However, the famous litterateur, who recommended banning the book, had had a change of heart in 2010. What could be the motive? One could only surmise, but was it self-justification, remorse or mendacity? In his syndicated column, he urged his readers to look at the positive side of the ban. He sheepishly explained that the ban had immensely helped Rushdie and his book with increased sales. Thank him for small mercies, for he did not justify the bounty on Rushdie’s head, reasoning it had garnered him international sympathy! None but an ‘intellectual’ like the ‘litterateur’ could come up with such a ‘brainy’ idea: ‘ban books to increase their sales’! Even Marxists would be stumped as the reasoning was beyond their beloved ‘dialectical materialism’.
When the eminent columnist T. J. S. George had to run for cover for offending, a ‘particular community’ to use evasive journalese — which expression does not seem to circumscribe ‘freedom of expression’, again the ‘useful idiots’ were not up in arms to protest. The media too tasted the wrath of the ‘particular community’ after the Deccan Herald affair in 1986, and when offices of all the four main newspapers in Bengaluru were attacked on different occasions. The lessons learnt almost a decade ago seem to have long lasting effect, for the media did not venture to express solidarity with its Danish brethren in the recent cartoon controversy. Its condemnation in the Charlie Hebdo massacre was too muted and not unqualified, as we shall see latter.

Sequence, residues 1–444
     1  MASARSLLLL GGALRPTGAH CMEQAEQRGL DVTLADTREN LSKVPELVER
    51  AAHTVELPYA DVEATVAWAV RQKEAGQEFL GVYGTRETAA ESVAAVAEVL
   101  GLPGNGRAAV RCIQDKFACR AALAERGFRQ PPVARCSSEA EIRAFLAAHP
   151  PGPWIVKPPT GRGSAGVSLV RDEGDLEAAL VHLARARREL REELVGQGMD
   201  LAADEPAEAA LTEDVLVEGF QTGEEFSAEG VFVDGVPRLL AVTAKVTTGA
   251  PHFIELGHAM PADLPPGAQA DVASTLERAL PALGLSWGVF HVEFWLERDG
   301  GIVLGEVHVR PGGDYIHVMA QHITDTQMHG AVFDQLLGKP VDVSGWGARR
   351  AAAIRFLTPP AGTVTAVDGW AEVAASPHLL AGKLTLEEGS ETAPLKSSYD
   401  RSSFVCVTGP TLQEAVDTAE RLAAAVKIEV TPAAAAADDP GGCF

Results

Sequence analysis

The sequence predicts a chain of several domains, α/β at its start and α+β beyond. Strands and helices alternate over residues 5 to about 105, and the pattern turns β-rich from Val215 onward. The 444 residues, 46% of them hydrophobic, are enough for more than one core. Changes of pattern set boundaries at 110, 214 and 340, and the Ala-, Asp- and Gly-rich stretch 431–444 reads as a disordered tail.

However, it would be inappropriate to inculpate the ‘particular community’ alone of intolerance of cultural and media freedom, when it offends their sensibilities. The ‘useful idiots’ were equally quiescent when recently, the secular party workers of DMK burnt down the offices, along with three unfortunate employees of Dinakaran in Tamil Nadu, all in the ‘good cause’ of the internal power-struggle in the ruling dynasty there. Contrast this with the campaign it ran when some Hindu organisations protested against the making of Water. The social malady the movie sought to project was no doubt an anachronism, but is a century old and no longer exists. The ideological fatherlands of our left-liberal intellectuals did not shy away from curtailing artistic freedoms. The land of Lenin, Stalin and Khrushchev banned Dr. Zhivago and prevented its author, Boris Pasternak from receiving the Nobel Prize. Another Nobel winner, Alexander Solzhenitsyn, who exposed the plight of soviet intellectuals in his novel, The First Circle, was exiled. The land of Mao ‘respects’ the ‘freedom of expression’ much more brazenly: in the Tiananmen Square Massacre, in 1989, it gunned down between 2000 and 3000 unarmed civilians — intellectuals, labour activists and students — protesting against galloping corruption in the ruling communist party.
2 Storey, John. (1994). “Introduction: The Study of Popular Culture and Cultural Studies” In Storey, John (Ed.) Cultural Theory and Popular Culture: A Reader. Harlow. Pearson Education. p. xi
3 The phrase has often been attributed to Lenin, but it appears he had never aid it. See Safire, William. (1987). “On Language”. The New York Times Magazine. April 12, 1987. Accessible from http://goo.gl/PhkIxn
Excerpted from ‘ARTISTIC FREEDOM & SOCIAL RESPONSIBILITY’: ‘TWISTING FACTS TO SUIT THEORIES’ & OTHER SELECTIONS FROM VOXINDICA. p. 26-30.
See the post dated December 10, 2016 below to view the book's CONTENTS.